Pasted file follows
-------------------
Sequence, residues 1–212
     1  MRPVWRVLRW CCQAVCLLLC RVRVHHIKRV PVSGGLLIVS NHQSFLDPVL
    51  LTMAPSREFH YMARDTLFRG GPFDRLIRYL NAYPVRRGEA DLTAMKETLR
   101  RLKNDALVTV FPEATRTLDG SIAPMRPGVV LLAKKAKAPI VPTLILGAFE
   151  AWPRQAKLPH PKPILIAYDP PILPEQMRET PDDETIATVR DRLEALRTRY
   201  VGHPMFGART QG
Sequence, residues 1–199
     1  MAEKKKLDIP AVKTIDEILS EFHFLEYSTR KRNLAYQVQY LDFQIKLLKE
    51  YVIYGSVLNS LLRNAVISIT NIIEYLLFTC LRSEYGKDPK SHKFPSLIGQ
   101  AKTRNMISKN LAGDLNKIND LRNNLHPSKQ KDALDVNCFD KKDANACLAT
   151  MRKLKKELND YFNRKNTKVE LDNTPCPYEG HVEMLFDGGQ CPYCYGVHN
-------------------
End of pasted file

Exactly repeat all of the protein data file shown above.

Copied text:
Sequence, residues 1–212
     1  MRPVWRVLRW CCQAVCLLLC RVRVHHIKRV PVSGGLLIVS NHQSFLDPVL
    51  LTMAPSREFH YMARDTLFRG GPFDRLIRYL NAYPVRRGEA DLTAMKETLR
   101  RLKNDALVTV FPEATRTLDG SIAPMRPGVV LLAKKAKAPI VPTLILGAFE
   151  AWPRQAKLPH PKPILIAYDP PILPEQMRET PDDETIATVR DRLEALRTRY
   201  VGHPMFGART QG
Sequence, residues 1–199
     1  MAEKKKLDIP AVKTIDEILS EFHFLEYSTR KRNLAYQVQY LDFQIKLLKE
    51  YVIYGSVLNS LLRNAVISIT NIIEYLLFTC LRSEYGKDPK SHKFPSLIGQ
   101  AKTRNMISKN LAGDLNKIND LRNNLHPSKQ KDALDVNCFD KKDANACLAT
   151  MRKLKKELND YFNRKNTKVE LDNTPCPYEG HVEMLFDGGQ CPYCYGVHN